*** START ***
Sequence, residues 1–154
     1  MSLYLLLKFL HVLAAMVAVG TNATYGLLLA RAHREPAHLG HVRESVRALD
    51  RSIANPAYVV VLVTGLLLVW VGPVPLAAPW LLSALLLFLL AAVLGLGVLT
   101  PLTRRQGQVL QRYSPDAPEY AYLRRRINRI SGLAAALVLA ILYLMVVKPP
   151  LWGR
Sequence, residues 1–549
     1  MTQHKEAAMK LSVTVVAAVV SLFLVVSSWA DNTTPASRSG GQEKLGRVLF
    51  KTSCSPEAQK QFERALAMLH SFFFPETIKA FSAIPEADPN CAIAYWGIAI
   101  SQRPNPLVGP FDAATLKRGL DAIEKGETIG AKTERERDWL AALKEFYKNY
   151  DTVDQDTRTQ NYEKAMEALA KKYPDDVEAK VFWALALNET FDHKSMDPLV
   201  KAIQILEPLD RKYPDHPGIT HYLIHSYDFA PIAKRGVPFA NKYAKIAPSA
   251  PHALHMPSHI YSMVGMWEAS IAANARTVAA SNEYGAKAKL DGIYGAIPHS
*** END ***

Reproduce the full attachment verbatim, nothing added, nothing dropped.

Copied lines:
Sequence, residues 1–154
     1  MSLYLLLKFL HVLAAMVAVG TNATYGLLLA RAHREPAHLG HVRESVRALD
    51  RSIANPAYVV VLVTGLLLVW VGPVPLAAPW LLSALLLFLL AAVLGLGVLT
   101  PLTRRQGQVL QRYSPDAPEY AYLRRRINRI SGLAAALVLA ILYLMVVKPP
   151  LWGR
Sequence, residues 1–549
     1  MTQHKEAAMK LSVTVVAAVV SLFLVVSSWA DNTTPASRSG GQEKLGRVLF
    51  KTSCSPEAQK QFERALAMLH SFFFPETIKA FSAIPEADPN CAIAYWGIAI
   101  SQRPNPLVGP FDAATLKRGL DAIEKGETIG AKTERERDWL AALKEFYKNY
   151  DTVDQDTRTQ NYEKAMEALA KKYPDDVEAK VFWALALNET FDHKSMDPLV
   201  KAIQILEPLD RKYPDHPGIT HYLIHSYDFA PIAKRGVPFA NKYAKIAPSA
   251  PHALHMPSHI YSMVGMWEAS IAANARTVAA SNEYGAKAKL DGIYGAIPHS